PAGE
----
The emotions surrounding the anniversary of a loved one’s death are unpredictable. You may be gripped by powerful, barely controllable feelings — especially when the grief is raw. Yet in some years the day may slip past with barely a whisper of awareness. Many have rituals surrounding significant deaths such as gathering with friends or family members to laugh and weep and remember. However long it’s been, we often find solace and joy in reaching out to those whose lives are connected to ours through the person we’ve lost.
While I keep the anniversary of my father’s death on my calendar — as if I could ever forget Feb. 19 — there’s something about keeping a date with grief that feels peculiar. I’m often moved at times I don’t expect and in ways I least suspect. Perhaps I glimpse someone at a ballgame who shares a physical feature with my dad – his smile or the tenor of his voice. Or I encounter an object in the far recesses of my closest that serves as a talisman to a particularly vivid memory. Maybe it’s a smell that evokes time spent together in a way that is forever lost.
I was surprised at the degree to which the anniversary of my father’s death affected me this month. Twenty-two years isn’t a particularly memorable number. Yet I woke up very aware that I’ve now lived more of my life without his physical presence than with it. The day is always tinged with regret as the seminal events in my life -- the ones he missed -- dance through my head. He never met my wife or two sons; he never knew of my calling to ordained ministry or how my life has unfolded as an adult. Yet he continues to have a major impact on me every single day -- in my faith, my parenting, my approach to married life, my vocational passion, my personality, my values.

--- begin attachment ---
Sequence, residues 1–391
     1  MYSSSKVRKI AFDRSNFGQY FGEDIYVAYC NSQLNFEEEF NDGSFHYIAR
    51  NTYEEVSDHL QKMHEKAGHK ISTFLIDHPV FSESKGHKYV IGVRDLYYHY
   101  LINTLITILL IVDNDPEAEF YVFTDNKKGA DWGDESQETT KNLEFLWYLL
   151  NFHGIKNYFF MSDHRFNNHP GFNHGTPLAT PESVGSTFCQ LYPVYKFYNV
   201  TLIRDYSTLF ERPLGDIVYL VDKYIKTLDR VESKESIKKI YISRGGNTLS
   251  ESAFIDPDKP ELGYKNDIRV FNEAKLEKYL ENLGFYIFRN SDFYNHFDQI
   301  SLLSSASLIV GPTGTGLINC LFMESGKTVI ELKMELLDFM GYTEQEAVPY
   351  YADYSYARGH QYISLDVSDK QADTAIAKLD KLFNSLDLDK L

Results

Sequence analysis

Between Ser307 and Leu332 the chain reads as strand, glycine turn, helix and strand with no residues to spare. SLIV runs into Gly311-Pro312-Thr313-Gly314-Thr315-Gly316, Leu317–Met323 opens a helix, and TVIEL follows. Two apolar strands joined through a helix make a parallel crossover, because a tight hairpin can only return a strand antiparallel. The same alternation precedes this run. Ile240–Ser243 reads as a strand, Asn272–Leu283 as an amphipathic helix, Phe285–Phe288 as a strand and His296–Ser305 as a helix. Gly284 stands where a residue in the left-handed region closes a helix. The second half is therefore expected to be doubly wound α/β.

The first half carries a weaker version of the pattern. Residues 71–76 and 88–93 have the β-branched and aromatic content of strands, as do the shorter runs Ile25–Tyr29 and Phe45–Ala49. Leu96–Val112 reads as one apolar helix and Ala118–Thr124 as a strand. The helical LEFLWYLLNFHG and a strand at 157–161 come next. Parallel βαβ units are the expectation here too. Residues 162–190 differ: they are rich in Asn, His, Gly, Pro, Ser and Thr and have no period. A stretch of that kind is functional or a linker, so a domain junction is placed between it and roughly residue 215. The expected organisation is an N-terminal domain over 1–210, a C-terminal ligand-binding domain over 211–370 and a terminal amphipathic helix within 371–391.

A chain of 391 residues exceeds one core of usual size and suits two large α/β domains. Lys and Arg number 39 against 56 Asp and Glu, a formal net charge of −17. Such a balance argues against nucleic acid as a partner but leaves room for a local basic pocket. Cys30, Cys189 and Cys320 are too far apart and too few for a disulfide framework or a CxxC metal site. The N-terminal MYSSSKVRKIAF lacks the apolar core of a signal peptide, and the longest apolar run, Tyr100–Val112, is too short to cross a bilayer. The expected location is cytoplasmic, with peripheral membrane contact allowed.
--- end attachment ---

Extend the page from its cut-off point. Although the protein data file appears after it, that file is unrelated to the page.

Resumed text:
Of course “keeping a date with grief” is precisely what the church does when we commemorate saints. We remember the men and women who have come before us in the faith on the anniversaries of their deaths rather than their birthdays. Why? Because we celebrate their lives in the context of Jesus’ resurrection and view their deaths as glorious moments of reunion with the risen Christ.
The Good News of the Christian faith is that death is not the end -- it is merely a temporary farewell. That’s the glory of the Easter message and it’s why, while the pain of loss endures, hope always transcends grief.
I encourage you to share these special anniversaries with one another, as there’s no reason we must bear them in isolation. To be human is to know grief and to both share our burdens with others and receive their burdens in return is a high calling. If you’re part of a faith community, why not make an appointment to speak with a member of the clergy on an upcoming anniversary in your own life or call a friend for a coffee date? Shared experience and empathy are two of the great spiritual gifts we can offer our fellow pilgrims on this journey of life and faith.
Page 2 of 2 - The Rev. Tim Schenck is Rector of the Episcopal Parish of St. John the Evangelist in Hingham, Mass. Visit his blog Clergy Family Confidential at frtim.wordpress.com, or follow him on Twitter at @FatherTim.